every year there is a 24 hour get together of people in a region of 5 dioceses in the central south who are involved in theological education. the last few years i've been along and they always manage to find a very stimulating speaker to get conversation started. this year it was graeme codrington of the tomorrow today project who describes himself as a futurist. really what this means is talking about cultural changes in a number of areas and helping businesses, schools, churches and whoever think about the implications. i actually knew graham some years back when he was involved in youth ministry (an area in which people are always interested in the changes in culture of course).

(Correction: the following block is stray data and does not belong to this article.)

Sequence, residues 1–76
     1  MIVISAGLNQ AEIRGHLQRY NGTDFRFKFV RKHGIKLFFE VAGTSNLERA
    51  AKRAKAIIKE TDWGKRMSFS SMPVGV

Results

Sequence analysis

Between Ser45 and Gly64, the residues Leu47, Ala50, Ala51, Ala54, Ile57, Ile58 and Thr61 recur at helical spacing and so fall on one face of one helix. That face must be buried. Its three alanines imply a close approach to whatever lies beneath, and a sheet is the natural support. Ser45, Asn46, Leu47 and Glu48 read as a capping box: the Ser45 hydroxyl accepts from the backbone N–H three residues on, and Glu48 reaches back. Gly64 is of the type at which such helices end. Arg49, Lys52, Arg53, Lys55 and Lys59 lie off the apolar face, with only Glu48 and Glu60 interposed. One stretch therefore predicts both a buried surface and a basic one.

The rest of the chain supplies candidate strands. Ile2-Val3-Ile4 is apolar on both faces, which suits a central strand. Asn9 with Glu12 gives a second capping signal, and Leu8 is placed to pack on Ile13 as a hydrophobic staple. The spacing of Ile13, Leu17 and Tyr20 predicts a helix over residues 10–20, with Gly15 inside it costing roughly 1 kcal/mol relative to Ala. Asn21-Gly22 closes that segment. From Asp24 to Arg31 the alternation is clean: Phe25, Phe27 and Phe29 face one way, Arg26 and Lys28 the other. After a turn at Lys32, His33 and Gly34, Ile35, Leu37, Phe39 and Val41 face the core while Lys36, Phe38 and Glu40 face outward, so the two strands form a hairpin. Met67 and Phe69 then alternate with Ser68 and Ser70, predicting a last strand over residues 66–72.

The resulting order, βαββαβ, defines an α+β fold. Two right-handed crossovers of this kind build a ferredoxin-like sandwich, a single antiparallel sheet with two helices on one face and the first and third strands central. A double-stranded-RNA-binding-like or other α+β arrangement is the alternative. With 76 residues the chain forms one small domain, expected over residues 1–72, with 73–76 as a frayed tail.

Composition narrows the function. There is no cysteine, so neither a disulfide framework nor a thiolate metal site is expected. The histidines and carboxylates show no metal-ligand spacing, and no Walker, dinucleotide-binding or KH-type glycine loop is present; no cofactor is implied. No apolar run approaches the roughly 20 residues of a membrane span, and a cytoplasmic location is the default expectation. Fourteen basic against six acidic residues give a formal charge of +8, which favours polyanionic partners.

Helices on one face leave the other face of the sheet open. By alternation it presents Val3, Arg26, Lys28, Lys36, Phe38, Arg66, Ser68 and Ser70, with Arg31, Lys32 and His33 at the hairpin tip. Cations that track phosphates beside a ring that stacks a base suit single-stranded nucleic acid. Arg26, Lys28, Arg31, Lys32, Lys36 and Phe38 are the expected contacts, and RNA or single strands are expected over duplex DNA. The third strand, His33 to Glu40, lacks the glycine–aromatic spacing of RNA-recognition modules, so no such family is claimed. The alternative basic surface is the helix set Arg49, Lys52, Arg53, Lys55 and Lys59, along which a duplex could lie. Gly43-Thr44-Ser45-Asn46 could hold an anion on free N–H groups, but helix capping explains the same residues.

all that is by way of saying that we had a pretty interesting discussion today around this question -
If the old logic won't work how do we find a new logic for the moment?
i had lots of suggestions to make but if you have any thoughts leave a comment!
a second and related quote from mark twain was also memorable
It ain't what you don't know that gets you into trouble it's what you know for sure…
we have four ReSource weekends lined up for 2012-2013. we've been running these for about 8 or 9 years now i think. i always love them. a brilliant way to learn about mission. they work best in my view if you do all four in a year...
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where i come across creative ideas, liturgies, movies, music tracks, service outlines or anything that strikes me, i add them as worship tricks. i started these in april 2002 when i first began blogging and they have built up over the years so that i am now on the third series. this has proved a pretty popular feature of the blog.